Trying to figure out what medications will affect a driver’s ability to pass their DOT physical examination can be a confusing and stressful task for a driver or motor carrier. The first thought that comes to mind is that there is some sort of “magic bullet” that will provide a quick and easy answer to this question. Unfortunately this is not the case. There is more to it than simply being able to look up a medication and then having an answer. It involves not only a regulation or guidance provided by the FMCSA (of which there is very little in a way to help guide us through this issue), but also the treating provider and the decision making process employed by the medical examiner.
The proposed action from FMCSA is to retract the 2016 Advanced Notice of Proposed Rulemaking (ANPRM) for Sleep Apnea. The FMCSA comment to OMB was that “Upon review of all public comments to the ANPRM, FMCSA has determined there is not enough information available to support moving forward with a rulemaking action and so the rulemaking will be withdrawn…
This procedure falls into a category of heart condition called “Ischemic Heart Disease”. This means that there is a lack or reduced blood supply to the heart. This will lead to symptoms of chest pain which typically be following exertion or exercise. This symptom is referred to as angina. Angina can typically be treated with medication, dietary change and exercise and does not always need a stent. If the symptoms become more severe, and/or include chest pain at rest, is called unstable angina.
Not getting enough sleep can lead to higher risk of many chronic health problems like high blood pressure, heart disease, and stroke. According to Harvard Medical School, people with hypertension, one night without enough sleep can cause elevated blood pressure (an issue for truck drivers) throughout the next day.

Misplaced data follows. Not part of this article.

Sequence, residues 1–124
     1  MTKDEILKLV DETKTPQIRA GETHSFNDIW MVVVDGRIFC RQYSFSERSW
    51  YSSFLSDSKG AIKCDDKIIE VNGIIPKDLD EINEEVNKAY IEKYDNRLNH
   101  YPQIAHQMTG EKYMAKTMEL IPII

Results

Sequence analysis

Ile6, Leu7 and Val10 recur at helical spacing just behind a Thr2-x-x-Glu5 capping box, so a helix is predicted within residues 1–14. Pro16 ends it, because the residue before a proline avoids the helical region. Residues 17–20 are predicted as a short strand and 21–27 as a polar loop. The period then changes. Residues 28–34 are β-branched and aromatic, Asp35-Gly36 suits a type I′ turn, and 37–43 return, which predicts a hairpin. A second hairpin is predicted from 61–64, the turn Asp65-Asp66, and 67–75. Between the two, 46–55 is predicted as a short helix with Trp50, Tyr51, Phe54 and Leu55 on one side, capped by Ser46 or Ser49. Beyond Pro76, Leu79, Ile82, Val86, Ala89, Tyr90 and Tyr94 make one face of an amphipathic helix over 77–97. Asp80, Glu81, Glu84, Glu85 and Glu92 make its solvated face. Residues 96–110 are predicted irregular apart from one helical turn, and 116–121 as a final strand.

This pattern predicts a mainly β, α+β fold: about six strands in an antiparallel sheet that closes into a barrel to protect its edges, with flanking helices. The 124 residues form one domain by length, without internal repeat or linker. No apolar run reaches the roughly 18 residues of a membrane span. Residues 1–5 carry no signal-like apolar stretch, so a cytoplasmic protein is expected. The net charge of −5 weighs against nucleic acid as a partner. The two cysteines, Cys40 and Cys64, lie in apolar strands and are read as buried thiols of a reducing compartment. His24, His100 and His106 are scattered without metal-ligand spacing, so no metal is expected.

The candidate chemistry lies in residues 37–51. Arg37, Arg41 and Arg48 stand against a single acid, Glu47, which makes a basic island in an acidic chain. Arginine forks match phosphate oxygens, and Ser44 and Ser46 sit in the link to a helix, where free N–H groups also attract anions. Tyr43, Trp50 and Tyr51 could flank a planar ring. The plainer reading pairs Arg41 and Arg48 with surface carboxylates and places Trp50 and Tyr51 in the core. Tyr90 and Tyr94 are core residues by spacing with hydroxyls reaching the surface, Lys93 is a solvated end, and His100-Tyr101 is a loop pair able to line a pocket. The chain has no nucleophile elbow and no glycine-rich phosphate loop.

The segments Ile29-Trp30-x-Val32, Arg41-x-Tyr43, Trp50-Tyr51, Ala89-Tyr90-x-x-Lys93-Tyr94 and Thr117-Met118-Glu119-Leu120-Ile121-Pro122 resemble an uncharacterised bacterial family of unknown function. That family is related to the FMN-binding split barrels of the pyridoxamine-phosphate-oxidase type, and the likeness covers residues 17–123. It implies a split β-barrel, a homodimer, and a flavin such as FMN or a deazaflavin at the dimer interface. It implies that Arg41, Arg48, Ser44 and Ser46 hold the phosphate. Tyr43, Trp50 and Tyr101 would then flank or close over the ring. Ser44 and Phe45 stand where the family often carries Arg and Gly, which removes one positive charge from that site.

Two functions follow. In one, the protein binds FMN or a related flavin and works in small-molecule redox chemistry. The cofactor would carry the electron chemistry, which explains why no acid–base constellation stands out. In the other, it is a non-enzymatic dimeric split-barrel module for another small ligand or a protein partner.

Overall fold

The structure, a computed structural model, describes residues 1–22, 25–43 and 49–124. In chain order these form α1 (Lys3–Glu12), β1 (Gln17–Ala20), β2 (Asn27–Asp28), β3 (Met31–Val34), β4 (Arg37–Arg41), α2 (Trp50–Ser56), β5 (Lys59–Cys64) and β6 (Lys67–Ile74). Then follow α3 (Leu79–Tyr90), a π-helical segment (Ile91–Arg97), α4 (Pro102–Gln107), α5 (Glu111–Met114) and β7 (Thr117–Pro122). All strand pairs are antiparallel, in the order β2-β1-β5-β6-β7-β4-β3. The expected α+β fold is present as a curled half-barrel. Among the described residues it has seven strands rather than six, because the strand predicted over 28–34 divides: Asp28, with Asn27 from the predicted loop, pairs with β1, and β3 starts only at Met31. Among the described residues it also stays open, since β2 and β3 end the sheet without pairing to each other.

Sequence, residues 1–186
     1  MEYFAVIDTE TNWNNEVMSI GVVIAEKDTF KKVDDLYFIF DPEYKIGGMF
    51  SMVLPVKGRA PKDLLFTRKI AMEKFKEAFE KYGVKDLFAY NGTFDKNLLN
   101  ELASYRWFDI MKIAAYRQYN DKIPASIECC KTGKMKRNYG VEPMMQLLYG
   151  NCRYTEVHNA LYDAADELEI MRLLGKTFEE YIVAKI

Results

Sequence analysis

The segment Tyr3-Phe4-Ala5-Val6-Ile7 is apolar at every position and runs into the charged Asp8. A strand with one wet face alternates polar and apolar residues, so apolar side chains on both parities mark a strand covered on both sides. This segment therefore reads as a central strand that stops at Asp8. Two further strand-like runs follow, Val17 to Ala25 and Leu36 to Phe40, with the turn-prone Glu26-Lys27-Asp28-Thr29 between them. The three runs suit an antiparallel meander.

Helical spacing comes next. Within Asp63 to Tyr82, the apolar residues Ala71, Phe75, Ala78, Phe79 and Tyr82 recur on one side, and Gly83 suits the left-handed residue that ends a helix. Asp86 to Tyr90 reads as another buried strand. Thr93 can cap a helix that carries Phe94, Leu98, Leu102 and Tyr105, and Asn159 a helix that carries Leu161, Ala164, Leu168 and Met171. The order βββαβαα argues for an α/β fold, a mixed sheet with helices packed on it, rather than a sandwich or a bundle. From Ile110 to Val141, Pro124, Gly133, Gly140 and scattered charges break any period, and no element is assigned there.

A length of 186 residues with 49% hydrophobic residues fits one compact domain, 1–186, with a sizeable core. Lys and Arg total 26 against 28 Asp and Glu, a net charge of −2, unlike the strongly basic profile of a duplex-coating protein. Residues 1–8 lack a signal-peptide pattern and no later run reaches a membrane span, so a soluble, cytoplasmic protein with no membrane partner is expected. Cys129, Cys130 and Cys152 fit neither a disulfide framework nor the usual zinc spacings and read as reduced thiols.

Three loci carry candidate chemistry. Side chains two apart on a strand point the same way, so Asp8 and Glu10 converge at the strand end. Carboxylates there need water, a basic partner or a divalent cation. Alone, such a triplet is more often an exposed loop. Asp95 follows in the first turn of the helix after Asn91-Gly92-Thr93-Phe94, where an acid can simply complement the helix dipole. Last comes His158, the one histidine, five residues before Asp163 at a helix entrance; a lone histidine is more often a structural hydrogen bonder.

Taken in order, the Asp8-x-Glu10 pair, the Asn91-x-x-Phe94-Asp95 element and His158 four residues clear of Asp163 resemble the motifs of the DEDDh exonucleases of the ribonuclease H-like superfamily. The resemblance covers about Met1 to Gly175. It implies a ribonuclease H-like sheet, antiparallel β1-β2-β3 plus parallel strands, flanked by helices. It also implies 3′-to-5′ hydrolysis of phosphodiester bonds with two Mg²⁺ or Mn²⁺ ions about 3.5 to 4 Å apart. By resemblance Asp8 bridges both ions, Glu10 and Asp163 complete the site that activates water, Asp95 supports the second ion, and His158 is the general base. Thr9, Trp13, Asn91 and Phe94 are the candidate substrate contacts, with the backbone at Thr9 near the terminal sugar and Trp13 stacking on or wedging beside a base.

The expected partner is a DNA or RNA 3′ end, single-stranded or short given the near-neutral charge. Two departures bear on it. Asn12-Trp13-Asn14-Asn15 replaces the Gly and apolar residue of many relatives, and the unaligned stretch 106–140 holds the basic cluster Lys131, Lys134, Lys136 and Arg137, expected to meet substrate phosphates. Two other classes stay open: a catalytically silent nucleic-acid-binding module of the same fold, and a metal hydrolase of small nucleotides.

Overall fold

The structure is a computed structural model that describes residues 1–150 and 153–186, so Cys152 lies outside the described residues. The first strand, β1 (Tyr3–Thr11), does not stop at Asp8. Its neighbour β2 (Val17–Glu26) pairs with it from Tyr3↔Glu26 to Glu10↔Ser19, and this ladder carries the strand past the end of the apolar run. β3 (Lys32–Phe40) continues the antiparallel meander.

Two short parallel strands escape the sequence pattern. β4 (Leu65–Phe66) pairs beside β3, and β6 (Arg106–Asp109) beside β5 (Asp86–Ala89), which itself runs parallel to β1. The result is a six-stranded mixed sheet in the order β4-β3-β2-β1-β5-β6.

A recent report released in April by the American Transportation Research Institute (ATRI) indicates that despite the good intentions of the FMCSA in implementing the National Registry of Certified Medical Examiners (NRCME), its impact on the trucking industry has apparently been more negative than positive, without accomplishing the desired results that were expected from additional training and certification for medical examiners.
What is different for truckers is that they are exposed to added stressors in life and are often driving alone, which make dealing with depression even more difficult. To add to the stress of trying to cope with one’s depression, a driver who suffers even a mild form of depression can have a delay in the medical certification. Therefore, staying on top of your depression and understanding how to manage it is essential in keeping you healthy and on the road! Remember – when you are not on the road, you are not making a living.
All individuals suffer from sleep apnea, women too! A study completed in 2013 at UCLA indicated that women are less likely however to be diagnosed with sleep apnea. This doesn’t necessarily mean that they suffer any less, or have different risk factors or consequences for suffering from it. It seems that women actually exhibit different symptoms
Blood pressure has long been a source of stress for the truck driver. It is frequently referred to as the silent killer by many of us who work in health care.
For years the FMCSA had indicated that once the driver has a diagnosis of high blood pressure, whether they are treated or not, the maximum that a driver can be allowed on the Med Cert. card would be one year. In recent years this has been changed a bit to benefit the driver who does all the right things.